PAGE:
Baby & mom.
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Baby S, North Carolina 2014 & Casey, North Carolina 2014, ©2014
The six newborns of Megan Huntsman died because their mother’s twisted mind convinced her it was right. Adam Lanza lived a life of increasing mental disintegration, of which he was aware, then destroyed the one place where he was last happy.
We throw around the word “evil” these days as if it’s just that easy. A convenient word of censure that has lost its meaning; the handy ten-foot pole that the rest of us don’t have to touch something with.
As if placing the blame firmly on the shoulders of a fragile few proves the richest country on earth is innocent of neglect.
Whatever, man. Game of Thrones is on.
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Deer in the Road, Series 2, #2, 1, 3, 4, c. 2014
Ilford HP 5
Utah Governor Gary Herbert…says he agrees with the U.S. Catholic bishops that requiring no-cost coverage of contraceptives, sterilization, and abortifacients is “unjust and illegal” and a “violation of religious liberty” under the First Amendment. — cnsnews.com, February 7, 2013
Utah Mother Admits Killing Six Newborns:…Megan Huntsman allegedly strangled or suffocated six babies immediately after giving birth to them, then placed the bodies inside boxes and hid them in the garage, according to an arrest affidavit released Monday. — Salt Lake Tribune, April 14, 2014
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Sky Like Sulphur (And Zeus Thundered Horribly), c. 2014
Rollei Redbird 400, shot at 250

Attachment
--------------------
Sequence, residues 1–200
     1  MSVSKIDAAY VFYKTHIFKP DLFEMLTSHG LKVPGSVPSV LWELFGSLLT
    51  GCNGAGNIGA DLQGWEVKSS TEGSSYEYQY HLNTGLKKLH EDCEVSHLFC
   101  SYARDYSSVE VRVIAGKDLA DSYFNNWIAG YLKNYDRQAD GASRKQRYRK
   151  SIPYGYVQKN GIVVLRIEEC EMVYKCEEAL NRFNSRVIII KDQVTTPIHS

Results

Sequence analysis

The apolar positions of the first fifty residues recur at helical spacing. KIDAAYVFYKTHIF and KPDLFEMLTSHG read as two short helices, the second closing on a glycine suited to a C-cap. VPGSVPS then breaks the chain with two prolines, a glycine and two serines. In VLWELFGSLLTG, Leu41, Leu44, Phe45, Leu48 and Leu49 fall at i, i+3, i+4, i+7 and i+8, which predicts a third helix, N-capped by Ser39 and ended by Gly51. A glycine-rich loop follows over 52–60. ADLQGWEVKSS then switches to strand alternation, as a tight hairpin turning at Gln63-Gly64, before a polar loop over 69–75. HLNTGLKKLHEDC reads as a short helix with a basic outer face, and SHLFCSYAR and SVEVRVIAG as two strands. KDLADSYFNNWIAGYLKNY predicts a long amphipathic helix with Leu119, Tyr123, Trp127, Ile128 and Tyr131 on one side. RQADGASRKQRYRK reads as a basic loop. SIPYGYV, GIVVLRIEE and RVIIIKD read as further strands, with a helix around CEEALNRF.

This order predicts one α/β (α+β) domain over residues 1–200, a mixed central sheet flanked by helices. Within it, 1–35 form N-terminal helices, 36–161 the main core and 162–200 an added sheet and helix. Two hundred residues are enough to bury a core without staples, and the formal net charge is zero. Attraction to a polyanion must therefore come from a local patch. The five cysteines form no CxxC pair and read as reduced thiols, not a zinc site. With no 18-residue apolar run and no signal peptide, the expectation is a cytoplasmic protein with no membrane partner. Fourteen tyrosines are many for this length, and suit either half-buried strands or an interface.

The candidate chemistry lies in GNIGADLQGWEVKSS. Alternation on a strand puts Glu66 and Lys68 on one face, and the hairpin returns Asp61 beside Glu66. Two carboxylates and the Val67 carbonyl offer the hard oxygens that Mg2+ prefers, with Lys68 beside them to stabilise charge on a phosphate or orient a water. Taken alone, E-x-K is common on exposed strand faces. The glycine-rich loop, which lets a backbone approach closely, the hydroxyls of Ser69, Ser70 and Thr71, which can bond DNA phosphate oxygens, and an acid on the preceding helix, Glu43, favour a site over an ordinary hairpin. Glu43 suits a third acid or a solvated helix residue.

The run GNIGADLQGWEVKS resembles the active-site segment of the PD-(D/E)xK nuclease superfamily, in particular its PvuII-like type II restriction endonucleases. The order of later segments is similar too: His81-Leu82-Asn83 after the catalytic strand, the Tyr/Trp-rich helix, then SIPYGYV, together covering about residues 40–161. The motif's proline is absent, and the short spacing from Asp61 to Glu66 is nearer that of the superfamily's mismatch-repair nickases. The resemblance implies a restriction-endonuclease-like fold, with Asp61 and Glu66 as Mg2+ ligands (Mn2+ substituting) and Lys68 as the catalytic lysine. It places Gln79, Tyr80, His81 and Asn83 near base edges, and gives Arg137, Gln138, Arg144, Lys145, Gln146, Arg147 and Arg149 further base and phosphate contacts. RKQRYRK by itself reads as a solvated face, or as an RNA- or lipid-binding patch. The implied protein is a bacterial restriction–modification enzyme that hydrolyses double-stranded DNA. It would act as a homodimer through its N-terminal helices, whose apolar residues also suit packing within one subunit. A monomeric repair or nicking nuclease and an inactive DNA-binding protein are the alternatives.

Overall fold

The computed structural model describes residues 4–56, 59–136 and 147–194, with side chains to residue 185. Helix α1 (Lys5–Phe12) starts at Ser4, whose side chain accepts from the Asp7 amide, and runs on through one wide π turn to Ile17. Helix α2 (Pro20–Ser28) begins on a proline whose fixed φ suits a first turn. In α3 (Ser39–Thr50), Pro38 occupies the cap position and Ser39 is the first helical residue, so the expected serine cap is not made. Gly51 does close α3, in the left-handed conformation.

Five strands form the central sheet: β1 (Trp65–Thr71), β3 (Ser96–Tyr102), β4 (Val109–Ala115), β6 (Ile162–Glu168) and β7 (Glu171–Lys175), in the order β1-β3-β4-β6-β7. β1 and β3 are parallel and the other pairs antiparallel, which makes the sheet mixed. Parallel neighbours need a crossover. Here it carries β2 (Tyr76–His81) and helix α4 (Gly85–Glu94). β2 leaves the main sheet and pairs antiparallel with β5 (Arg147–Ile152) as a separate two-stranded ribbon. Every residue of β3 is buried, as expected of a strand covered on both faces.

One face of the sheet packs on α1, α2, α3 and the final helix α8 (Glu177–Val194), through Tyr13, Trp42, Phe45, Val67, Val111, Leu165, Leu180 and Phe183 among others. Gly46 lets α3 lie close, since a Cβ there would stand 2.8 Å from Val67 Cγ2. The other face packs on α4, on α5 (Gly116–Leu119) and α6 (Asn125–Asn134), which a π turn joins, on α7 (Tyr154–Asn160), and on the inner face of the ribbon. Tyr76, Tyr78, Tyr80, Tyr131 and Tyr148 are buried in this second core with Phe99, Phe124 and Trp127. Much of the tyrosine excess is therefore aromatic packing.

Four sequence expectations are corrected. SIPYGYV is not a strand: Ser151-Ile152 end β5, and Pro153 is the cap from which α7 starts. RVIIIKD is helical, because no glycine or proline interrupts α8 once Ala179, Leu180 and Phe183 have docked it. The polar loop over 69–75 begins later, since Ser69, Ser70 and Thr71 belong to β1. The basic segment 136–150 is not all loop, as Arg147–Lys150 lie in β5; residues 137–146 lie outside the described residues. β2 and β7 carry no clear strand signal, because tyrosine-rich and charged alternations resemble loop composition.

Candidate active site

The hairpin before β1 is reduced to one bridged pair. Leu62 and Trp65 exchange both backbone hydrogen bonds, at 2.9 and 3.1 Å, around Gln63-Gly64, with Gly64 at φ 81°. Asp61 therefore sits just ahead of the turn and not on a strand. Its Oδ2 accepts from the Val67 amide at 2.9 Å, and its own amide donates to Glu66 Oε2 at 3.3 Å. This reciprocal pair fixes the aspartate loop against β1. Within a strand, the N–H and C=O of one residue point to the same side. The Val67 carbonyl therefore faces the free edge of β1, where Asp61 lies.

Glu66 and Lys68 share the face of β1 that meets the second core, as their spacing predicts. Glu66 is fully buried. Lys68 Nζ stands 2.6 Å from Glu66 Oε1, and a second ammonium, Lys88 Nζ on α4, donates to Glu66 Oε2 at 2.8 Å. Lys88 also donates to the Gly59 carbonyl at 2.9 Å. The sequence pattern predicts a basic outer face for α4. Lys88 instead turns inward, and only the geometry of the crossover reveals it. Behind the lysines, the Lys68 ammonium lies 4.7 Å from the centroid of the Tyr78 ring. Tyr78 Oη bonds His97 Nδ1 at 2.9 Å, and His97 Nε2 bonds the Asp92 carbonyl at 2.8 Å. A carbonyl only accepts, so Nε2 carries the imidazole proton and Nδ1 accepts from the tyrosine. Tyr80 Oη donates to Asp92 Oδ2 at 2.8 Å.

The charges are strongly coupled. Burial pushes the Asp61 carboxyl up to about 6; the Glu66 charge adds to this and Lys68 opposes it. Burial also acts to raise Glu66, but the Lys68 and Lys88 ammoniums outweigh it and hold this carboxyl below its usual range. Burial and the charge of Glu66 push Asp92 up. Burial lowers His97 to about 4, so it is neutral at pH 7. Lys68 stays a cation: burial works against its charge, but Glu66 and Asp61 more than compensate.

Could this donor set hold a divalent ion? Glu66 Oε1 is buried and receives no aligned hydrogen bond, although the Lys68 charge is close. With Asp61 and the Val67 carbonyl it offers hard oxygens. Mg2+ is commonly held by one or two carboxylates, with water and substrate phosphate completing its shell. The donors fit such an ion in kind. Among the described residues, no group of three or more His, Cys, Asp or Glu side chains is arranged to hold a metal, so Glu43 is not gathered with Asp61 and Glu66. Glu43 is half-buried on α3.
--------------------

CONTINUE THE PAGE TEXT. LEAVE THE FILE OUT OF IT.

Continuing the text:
Pentax MX, SMC Pentax 75-150mm 1:4 zoom lens
Title quote is from Lament for a Son, by Nicholas Wolterstorff
This is what happens when you have your windows cleaned for the first time in eight years: Turdus migratorius goes all Kamikaze, causing you to shoot an entire roll of Ektar in the shade.
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Post-Window Robin in the Morning 2 & 1, c. 2013
Pentax MX, SMC Pentax 75-150mm 1:4 zoom lens (#2 on an extension tube)
Kodak Ektar 100
The Pentax Spotmatic SP 500 that is now in my arsenal was one of those second-hand finds that geeks adore. It was (and is) in pristine condition with a similarly unscathed camera bag (rigid sides, faux leather), and along with the Super-Takumar 55mm f1.8 lens, it came with a Vivitar 28mm f2.5 wide-angle lens, Vivitar 252 flash (an energy hog, but I’ll probably never use it anyway), reverse adapter, cable release, various Tiffen filters, cleaning supplies still in packaging, extra strap, camera case and body cover — and the original owner’s manual. Drool. This one clearly was the equivalent of a “gently read” first edition hardcover book: Someone enjoyed it, but rarely.
Spotmatics were manufactured by Asahi in the 60s & 70s, and for a while became a “go-to” for pros; Honeywell was the U.S. importer back then, so mine looks like this (but without the little letters floating around). It was one of the first, or maybe the first, to feature through-the-lens metering — which is exactly what it sounds like, and which became so dominant in 35mm photography that everyone forgot there were other types of metering. It also has that weighty metal body that we traditionalists love.
Look, I’ve owned a Yashica, a couple of Fujicas (because they were soooo cheap), a Canon, my brother’s Nikon for a while, our family’s old Brownies, and I had a brief fling with my sister’s long-ago Hasselblad. But I love Pentax, and I’ll snap one up whenever I find one: when I refer to “my Pentax MX” I actually mean my two Pentax MX bodies, which I keep loaded with different films and interchangeable lenses. They’re like Clydesdales: elegant workhorses, beautiful in their simplicity. Not a lotta bells & whistles. They eschew all the gadgetry and leave it up to me.
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Flora spotmatica, 1, 5, 4, 2, 3, c. 2012
Honeywell (Asahi) Pentax Spotmatic SP500, Super-Takumar 55mm f1.8 lens
The new babies, the great-grannies, the bored kids, the distant cousins you haven’t seen since middle school, the tossing around of some type of ball, the local community clubhouse, the barely identifiable extremely starchy food…
Although, yours may lack the handy Outhouse/Moonshine Distillery Combo Unit…
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My First Tharp Reunion, Kodak BW400CN, c. 2010